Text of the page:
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Indonesia’s Termination of the Netherlands–Indonesia BIT: Broader Implications in the Asia-Pacific?

The value of investor-state dispute settlement (ISDS) procedures has lately been questioned by a number of countries. The Australian Government’s 2011 Trade Policy Statement – stating that Australia would not agree to ISDS in its treaties – caused much debate and controversy. In part, Australia’s policy was motivated by the Philip Morris claim, instituted in response to legislation requiring the plain packaging of cigarettes. Since then, a change of government in 2013 has meant that Australia has retracted considerably from its strict position. The current Government has indicated it will consider the inclusion of ISDS on a case-by-case basis. While the Government agreed to the inclu [...]

“White Industries” and State Responsibility: Lesser-Known Facts about the Case as Discussed during the 2014 ICCA Young Arbitration Practitioners Conference

and Sapna Jhangiani, Clyde & Co. and Joseph P. Matthews J.D., University of Miami School of Law
for Young Arbitration Practitioners

It has been some time since the White Industries Australia Limited v Republic of India judgment was rendered against India in 2011. However, there remain several interesting aspects of the case still not widely known by the international arbitration community. For example, it is generally considered that this case was the first Investment Treaty Claim (ITA) against India. In fact, there was another ITA claim against India previously – the Dabhol case – which was related to a power project in State of Maharashtra, but was settled in 1996. This post seeks to set [...]

ITA Workshop on Modern Enforcement of Arbitral Awards—Keynote Address

The keynote speaker at this year’s ITA Annual Workshop was the Honorable Bernardo Sepúlveda-Amor. Judge Sepúlveda-Amor is Vice President of the International Court of Justice and a professor of international law at El Colegio de México. He has previously served on the United Nations International Law Commission, as Mexico’s Secretary of Foreign Affairs, and as its Ambassador to the United States and the United Kingdom.

Judge Sepúlveda-Amor shared his perspectives on the relationship between the enforcement of international arbitral awards and State responsibility under international treaties. Several tribunals, he explained, have held States responsible for failure to enforce arbitra [...]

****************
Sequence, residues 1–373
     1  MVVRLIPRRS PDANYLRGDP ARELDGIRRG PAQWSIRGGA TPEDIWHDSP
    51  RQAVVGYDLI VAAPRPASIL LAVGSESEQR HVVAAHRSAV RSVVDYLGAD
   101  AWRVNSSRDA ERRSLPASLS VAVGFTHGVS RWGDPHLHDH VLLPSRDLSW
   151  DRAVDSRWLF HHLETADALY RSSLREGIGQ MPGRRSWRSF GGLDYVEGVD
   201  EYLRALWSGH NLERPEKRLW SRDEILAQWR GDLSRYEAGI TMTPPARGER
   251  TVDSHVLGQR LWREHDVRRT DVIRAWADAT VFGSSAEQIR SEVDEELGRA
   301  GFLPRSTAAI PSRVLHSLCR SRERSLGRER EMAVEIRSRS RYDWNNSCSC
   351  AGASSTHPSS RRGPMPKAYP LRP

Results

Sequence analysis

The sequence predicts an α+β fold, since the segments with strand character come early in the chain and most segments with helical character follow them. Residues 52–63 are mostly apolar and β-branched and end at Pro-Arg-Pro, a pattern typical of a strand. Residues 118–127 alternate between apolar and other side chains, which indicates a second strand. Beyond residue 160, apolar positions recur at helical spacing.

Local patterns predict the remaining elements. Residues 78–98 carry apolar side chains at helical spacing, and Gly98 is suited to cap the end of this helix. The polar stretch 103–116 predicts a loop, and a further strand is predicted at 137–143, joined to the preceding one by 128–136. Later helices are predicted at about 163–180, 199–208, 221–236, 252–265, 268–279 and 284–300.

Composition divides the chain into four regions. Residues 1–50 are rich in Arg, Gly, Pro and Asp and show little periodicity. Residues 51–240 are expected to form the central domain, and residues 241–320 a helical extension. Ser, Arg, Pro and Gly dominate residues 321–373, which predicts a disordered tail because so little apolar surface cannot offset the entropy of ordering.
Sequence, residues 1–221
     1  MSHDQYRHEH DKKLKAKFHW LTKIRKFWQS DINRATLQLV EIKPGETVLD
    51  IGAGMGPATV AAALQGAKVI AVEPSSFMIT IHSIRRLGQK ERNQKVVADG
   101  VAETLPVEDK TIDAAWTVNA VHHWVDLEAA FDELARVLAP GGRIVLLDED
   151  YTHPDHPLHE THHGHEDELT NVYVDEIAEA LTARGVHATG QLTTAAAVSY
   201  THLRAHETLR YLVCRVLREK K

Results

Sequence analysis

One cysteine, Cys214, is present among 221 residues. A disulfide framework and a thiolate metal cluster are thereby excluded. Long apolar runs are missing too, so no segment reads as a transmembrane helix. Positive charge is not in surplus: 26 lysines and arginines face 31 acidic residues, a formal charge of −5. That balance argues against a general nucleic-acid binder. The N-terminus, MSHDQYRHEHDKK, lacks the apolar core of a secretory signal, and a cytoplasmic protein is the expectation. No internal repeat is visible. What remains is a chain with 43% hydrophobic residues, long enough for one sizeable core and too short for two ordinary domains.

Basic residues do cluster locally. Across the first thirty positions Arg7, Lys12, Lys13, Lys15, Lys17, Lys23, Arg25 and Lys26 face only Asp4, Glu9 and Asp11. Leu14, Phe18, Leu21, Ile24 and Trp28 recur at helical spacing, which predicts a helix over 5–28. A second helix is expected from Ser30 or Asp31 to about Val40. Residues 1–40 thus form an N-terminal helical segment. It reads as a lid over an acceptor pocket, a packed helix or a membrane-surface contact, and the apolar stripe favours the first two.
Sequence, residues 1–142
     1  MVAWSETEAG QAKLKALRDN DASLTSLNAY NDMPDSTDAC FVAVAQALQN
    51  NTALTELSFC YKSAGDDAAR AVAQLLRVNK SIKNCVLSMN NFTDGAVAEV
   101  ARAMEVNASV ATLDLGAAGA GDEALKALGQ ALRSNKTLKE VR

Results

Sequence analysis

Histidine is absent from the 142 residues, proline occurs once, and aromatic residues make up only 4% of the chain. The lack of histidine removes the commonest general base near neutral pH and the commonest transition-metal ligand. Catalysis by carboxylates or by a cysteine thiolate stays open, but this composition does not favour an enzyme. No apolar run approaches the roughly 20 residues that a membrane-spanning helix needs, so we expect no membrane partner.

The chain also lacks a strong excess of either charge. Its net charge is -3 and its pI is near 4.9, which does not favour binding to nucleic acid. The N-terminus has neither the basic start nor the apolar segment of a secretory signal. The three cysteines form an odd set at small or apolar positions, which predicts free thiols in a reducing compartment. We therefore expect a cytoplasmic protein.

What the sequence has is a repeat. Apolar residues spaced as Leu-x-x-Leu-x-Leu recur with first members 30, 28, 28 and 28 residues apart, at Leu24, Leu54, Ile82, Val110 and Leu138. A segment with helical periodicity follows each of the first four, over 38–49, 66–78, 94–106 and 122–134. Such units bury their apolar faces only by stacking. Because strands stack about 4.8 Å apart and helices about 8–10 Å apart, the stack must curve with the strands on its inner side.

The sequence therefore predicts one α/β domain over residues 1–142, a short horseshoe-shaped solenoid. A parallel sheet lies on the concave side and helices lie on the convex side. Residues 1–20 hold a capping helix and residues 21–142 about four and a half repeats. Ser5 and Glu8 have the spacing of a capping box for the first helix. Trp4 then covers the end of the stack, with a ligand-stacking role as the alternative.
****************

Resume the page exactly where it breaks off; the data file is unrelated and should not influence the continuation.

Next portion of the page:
The dissenting opinion in BG v Argentina before the US Supreme Court

As reported earlier, the US Supreme Court has recently adjudicated on the issue of the standard of review in relation to arbitration agreements in international investment arbitration.

It is a fact that the majority of the Court has decided that deference should be given to arbitral tribunals to examine questions of procedural conditions, as it characterized the issue of litigation before the domestic courts of Argentina for 18 months before initiating arbitral proceedings. It seemed to the majority of the Court that the issue pertains to whether a duty to arbitrate arises, and not whether such a duty exists at all.

In determining the issue at hand, the majority found that the United Kingdo [...]

Apropos of ConocoPhillips v. Venezuela: Revision of Earlier Decisions in Fragmented Proceedings – A Matter of Principle?

Apropos of a recent decision in ConocoPhillips v. Venezuela (ICSID Case No ARB/07/30), this post discusses the potential underlying concerns an arbitral tribunal may consider when deciding whether it can revise earlier decisions within the context of fragmented proceedings.

Background

The ICSID proceedings in ConocoPhillips v. Venezuela (ICSID Case No ARB/07/30) commenced in November 2007 under the Netherlands-Venezuela Bilateral Investment Treaty (the “BIT”) and Venezuela’s Foreign Investment law (the “Foreign Investment Law”). The arbitration concerns the Claimants’ interests in two extra-heavy oil projects located in the region in Venezuela known as the Orinoco Oil Belt (Faja Petrolífera [...]

Investment Arbitration: Legal Implications of the Threat to Expropriate

and Oleg Temnikov

I. Foreword
At the end of 2013, the Financial Times reported that a referendum will be held in Berlin on the question whether the State shall take over power supply from the hands of Vattenfall. We use this as an occasion to examine the legal implications in the field of investment arbitration of the threat to expropriate.

II. The views “against” the unlawfulness of a threatened expropriation
In the first place, it must be noted that the existing BITs do not, in general, sanction threats to expropriation, but only the completed act. There are, for example, BITs which provide that “compensation shall be equivalent to the value of the expropriated investment immediate [...]

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